Out of India

Bobby Cash
It’s an act.  A balancing act: security concerns versus skill base; cost savings versus language barriers. Integrating another country’s workforce into your company’s framework involves a host of complicated issues that often don’t have easy or straightforward answers. 

For many years India has been the undisputed off-shoring king: a solid infrastructure with established service companies put this country way out in front.  That's changing.

India is facing wage inflation, labour attrition and social unrest, while externally, other countries are vying for their own piece of the pie through heavy investment in infrastructure and a skilled labour force. These “other” destinations are poised to transform the offshoring industry.

From Brazil to Indonesia, Vietnam to the UAE, the increased global competition opens up opportunities for companies to better match their outsourcing needs with the unique offerings of various countries.  So what are these “other” offshore destinations?  Here’s a run-down of a few of the hottest players:

1. The Philippines: with strong government support, experienced service companies and a population that’s generally comfortable speaking English, the Philippines has risen to the top of outsourcing destination lists. Islamic extremism in some regions, as well as a government that’s prone to corruption can be potential risks.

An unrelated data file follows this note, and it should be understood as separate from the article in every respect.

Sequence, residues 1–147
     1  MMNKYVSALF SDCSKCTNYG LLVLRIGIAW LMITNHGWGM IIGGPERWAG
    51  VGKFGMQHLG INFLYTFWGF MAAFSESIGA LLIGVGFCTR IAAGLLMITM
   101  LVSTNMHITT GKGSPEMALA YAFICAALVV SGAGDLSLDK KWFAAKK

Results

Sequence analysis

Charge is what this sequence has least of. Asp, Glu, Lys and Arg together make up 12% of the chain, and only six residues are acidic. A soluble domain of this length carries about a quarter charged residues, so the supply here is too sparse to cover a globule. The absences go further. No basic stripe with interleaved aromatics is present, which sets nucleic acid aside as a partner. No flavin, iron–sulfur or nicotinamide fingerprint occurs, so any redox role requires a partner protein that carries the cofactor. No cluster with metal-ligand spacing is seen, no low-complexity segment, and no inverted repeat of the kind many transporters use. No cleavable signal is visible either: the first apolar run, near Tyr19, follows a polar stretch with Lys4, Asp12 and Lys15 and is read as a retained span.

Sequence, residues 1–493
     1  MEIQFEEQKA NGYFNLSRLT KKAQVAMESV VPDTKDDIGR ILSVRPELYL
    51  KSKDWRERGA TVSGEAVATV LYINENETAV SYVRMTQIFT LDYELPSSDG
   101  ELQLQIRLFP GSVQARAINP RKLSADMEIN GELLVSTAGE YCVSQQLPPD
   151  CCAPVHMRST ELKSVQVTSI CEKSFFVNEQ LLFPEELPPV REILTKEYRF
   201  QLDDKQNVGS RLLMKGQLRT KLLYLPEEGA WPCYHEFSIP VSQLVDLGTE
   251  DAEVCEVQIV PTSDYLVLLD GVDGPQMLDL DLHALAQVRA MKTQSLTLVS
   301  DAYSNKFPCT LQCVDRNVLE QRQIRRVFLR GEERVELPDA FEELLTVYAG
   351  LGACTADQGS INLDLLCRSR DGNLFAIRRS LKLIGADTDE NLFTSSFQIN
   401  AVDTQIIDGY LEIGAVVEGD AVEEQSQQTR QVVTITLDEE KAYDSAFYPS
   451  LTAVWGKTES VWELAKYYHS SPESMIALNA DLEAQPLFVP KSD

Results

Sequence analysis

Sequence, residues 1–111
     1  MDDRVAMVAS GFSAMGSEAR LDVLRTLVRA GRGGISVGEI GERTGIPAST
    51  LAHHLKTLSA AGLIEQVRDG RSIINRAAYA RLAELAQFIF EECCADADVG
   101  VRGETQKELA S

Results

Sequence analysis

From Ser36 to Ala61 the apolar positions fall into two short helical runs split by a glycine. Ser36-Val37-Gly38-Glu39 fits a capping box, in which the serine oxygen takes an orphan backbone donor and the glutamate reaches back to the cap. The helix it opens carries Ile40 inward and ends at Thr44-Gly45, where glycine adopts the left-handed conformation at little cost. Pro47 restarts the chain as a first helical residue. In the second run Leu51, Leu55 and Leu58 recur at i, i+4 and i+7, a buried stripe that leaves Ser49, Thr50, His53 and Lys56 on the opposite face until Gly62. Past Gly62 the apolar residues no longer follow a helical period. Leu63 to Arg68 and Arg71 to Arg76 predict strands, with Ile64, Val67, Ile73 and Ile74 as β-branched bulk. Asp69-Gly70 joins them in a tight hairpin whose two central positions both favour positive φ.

2. Egypt: a gateway into both Africa and the Middle East, a multilingual populace and a commitment to developing infrastructure. Egypt was recently awarded Off-shoring Destination of the Year at the 2010 European Outsourcing Association Awards. Again, there are potential terrorism risks, as well as religious and cultural sensitivities to be dealt with.

3. Brazil: a large economy, a stable currency a growing pool of skilled technical workers and a key role in MERCOSUR all contribute to Brazil’s attractiveness for engineering and R & D outsourcing. The country also plays a key role in the South American economy and provides good exposure for reaching new customers in that region. Taxation, though, may prove to be a thorny issue.

4. Vietnam: a French-speaking labour force as well as extremely low labour costs. Areas of concern? Data and intellectual property aren’t necessarily safe and privacy isn’t guaranteed.

5. Thailand: boasts a well-educated technical workforce, willing to work at lower wage levels. Conversely, that workforce is still comparatively small and English language skills are lacking compared to other Asian competitors. And the recent social unrest could hamper productivity if it flares up again.

And finally, what about the good ol' US of A?  An English speaking labour force desperate for work just might be ripe for "rural sourcing." As Michael Clark of Safety Web discovered, the savings can be half (or more) of the cost of workers in, say, Atlanta, New York, London or Paris.

Sceptical?  About as likely as an Indian cowboy country & western music star.